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Dodgers

MLB winter meetings: Will the cash-rich Dodgers finally spend on premium talent?

Stephen Strasburg delivers a pitch for the Nationals during Game 6 of the World Series on Oct. 29, 2019.
Stephen Strasburg, who was the World Series MVP for the Nationals, is among the top free agents and has met with the Dodgers.
(Getty Images)

The question surrounding the Dodgers as baseball’s winter meetings begin in San Diego on Monday is the same one that surrounded them a year ago: Will they allocate substantial money on a premium player this offseason?

Last year, the answer was no after Bryce Harper turned down their three-year contract offer. This year could be different.

The Dodgers have been active. They’ve already met with starting pitchers Gerrit Cole and Stephen Strasburg, and third baseman Anthony Rendon, according to people with knowledge of the situation. Those three players are considered the top free agents in this winter’s class. They’ve also expressed interested in third baseman Josh Donaldson, the 2015 AL MVP and 2019 NL comeback player of the year, and reliever Blake Treinen, an All-Star in 2018, among others.

Cole would probably cost the most, followed by Rendon and Strasburg. They could also acquire a star via trade. The trade crop could include Boston Red Sox outfielder Mookie Betts, Cleveland Indians shortstop Francisco Lindor and Chicago Cubs third baseman/outfielder Kris Bryant.

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The Dodgers have the resources for such a move. They are among the richest franchises in professional sports, reaping the benefits from operating in the country’s second-largest market. They have led the major leagues in attendance seven seasons in a row and set a franchise record for attendance in 2019. Their television contract generates at least $200 million per year. They produce revenue most organizations dream about while having maintained one of the sport’s deepest farm systems.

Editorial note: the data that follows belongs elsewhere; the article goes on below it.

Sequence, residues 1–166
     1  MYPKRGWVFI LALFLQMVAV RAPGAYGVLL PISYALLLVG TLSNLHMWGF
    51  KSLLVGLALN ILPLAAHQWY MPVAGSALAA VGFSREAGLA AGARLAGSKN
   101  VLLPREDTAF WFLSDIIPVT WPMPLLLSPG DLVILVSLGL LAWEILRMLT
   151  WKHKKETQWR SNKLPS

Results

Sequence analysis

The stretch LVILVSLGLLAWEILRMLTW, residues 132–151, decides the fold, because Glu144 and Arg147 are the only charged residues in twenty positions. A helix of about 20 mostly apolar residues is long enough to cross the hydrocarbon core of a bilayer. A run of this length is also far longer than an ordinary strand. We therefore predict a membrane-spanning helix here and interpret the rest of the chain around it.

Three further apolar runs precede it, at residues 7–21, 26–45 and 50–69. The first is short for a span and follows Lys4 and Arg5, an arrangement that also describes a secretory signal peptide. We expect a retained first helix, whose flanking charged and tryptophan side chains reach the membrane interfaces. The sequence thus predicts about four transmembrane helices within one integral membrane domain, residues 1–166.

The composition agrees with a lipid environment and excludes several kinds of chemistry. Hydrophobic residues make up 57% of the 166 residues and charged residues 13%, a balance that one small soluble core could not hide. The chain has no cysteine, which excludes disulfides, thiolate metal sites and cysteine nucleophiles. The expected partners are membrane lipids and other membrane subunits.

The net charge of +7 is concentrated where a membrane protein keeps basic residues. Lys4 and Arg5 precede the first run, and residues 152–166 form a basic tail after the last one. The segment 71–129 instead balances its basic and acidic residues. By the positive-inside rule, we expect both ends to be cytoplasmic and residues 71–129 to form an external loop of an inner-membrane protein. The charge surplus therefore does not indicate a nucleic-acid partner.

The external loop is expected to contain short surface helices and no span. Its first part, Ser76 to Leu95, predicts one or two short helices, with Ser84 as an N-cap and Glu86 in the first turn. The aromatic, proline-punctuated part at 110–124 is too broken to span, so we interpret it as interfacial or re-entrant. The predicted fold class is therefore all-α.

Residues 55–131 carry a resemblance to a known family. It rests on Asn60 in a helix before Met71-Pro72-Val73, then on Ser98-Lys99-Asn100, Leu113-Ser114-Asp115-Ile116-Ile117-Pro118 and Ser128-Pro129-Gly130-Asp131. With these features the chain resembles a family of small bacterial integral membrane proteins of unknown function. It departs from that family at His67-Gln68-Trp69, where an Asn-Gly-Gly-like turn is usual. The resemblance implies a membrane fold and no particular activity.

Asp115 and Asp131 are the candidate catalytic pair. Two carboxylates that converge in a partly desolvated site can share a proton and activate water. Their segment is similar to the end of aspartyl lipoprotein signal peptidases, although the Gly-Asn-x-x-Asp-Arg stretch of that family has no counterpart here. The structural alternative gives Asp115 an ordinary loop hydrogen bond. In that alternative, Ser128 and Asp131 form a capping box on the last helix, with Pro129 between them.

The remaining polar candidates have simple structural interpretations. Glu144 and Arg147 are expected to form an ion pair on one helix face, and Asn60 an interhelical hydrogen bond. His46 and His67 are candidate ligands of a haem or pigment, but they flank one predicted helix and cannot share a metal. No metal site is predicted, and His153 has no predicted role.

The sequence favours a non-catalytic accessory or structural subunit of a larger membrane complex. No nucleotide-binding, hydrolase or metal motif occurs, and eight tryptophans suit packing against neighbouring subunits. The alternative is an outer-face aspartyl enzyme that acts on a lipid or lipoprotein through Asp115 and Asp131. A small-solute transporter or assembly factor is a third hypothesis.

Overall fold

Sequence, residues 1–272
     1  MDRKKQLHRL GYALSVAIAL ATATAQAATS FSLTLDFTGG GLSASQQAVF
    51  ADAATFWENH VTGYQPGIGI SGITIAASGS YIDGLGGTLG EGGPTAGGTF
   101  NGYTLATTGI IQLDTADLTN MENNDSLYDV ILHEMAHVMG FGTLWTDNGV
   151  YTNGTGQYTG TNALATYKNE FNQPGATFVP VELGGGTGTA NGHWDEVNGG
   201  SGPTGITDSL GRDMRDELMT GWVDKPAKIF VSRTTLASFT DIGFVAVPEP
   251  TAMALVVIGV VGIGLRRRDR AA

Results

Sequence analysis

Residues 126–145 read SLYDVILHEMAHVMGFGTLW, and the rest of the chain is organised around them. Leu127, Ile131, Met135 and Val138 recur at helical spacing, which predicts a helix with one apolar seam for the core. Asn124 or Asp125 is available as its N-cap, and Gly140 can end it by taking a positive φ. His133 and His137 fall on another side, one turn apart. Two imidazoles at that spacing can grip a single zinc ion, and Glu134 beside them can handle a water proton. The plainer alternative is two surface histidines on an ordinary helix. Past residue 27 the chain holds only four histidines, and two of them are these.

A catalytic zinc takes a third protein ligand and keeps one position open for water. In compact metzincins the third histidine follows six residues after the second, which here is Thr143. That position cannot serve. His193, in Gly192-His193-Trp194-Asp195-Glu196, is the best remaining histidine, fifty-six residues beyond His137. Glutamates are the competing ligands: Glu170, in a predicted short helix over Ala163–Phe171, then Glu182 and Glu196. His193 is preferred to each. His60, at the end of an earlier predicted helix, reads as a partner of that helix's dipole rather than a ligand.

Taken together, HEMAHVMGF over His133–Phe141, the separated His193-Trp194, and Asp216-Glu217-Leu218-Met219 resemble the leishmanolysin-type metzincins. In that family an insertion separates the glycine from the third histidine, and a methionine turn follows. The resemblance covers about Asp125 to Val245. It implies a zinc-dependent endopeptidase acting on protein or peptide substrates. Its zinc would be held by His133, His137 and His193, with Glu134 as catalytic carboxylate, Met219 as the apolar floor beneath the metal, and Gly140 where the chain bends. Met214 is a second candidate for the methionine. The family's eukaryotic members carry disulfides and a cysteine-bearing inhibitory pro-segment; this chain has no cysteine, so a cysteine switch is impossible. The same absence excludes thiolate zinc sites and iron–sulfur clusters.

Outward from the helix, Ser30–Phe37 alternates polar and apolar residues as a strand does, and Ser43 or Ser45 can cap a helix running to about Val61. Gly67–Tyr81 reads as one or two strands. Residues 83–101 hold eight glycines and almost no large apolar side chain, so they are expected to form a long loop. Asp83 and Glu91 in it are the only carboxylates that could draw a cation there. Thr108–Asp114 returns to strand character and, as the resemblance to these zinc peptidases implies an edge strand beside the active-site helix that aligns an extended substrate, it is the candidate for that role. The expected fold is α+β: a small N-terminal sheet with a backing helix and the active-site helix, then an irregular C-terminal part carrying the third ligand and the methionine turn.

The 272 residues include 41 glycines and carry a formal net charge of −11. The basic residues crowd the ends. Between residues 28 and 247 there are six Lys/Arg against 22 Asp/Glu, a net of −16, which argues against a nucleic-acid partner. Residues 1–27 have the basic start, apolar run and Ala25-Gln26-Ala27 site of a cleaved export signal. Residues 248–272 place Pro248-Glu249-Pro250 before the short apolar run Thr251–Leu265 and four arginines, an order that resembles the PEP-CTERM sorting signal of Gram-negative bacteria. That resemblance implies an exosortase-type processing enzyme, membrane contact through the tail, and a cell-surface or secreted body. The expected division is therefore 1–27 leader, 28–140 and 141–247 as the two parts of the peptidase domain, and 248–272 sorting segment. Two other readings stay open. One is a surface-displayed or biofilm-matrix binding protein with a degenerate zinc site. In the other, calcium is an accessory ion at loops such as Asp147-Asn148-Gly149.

With owner Arte Moreno’s blessing, Angels general manager Billy Eppler will operate without spending restrictions at the winter meetings and beyond.

But they have not needed to splurge on players to remain annual contenders since Andrew Friedman became president of baseball operations in October 2014. Under Friedman’s watch, the Dodgers have not given a free agent from another team a contract worth more than $55 million guaranteed (A.J. Pollock last offseason), one worth more than $93 million guaranteed to re-sign a player (Clayton Kershaw last offseason), or one longer than five years to anybody.

The fiscal discipline, coupled with crafty transactions, small and large, to shed payroll, kept the Dodgers under the competitive balance tax line — a soft salary cap that has hardened across baseball — the past two seasons after exceeding the threshold the previous five years and paying the subsequent taxes.

As a result, the Dodgers had their penalties reset, meaning they would pay the lightest tax should they surpass the $208-million threshold next season — a 20 percent tax on all overages plus surtaxes should they exceed the number by $20 million or more. They would also relinquish their second-highest pick in the June draft and $500,000 from their international bonus pool money should they sign a player who received a qualifying offer from his previous team. Clubs that exceed the CBT threshold must give up their second-and-fifth-highest selections in the draft and $1 million in international bonus pool money.